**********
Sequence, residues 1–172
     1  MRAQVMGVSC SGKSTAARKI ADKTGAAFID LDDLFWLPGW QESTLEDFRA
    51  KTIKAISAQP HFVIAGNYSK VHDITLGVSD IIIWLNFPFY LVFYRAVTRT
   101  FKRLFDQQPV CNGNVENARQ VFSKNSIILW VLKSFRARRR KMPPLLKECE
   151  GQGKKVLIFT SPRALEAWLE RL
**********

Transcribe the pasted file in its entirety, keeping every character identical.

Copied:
Sequence, residues 1–172
     1  MRAQVMGVSC SGKSTAARKI ADKTGAAFID LDDLFWLPGW QESTLEDFRA
    51  KTIKAISAQP HFVIAGNYSK VHDITLGVSD IIIWLNFPFY LVFYRAVTRT
   101  FKRLFDQQPV CNGNVENARQ VFSKNSIILW VLKSFRARRR KMPPLLKECE
   151  GQGKKVLIFT SPRALEAWLE RL